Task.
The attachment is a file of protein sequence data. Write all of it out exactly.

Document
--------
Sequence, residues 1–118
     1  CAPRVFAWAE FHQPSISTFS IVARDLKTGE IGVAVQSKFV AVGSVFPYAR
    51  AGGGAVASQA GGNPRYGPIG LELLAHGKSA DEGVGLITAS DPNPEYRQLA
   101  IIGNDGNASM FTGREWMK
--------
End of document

Sequence, residues 1–118
     1  CAPRVFAWAE FHQPSISTFS IVARDLKTGE IGVAVQSKFV AVGSVFPYAR
    51  AGGGAVASQA GGNPRYGPIG LELLAHGKSA DEGVGLITAS DPNPEYRQLA
   101  IIGNDGNASM FTGREWMK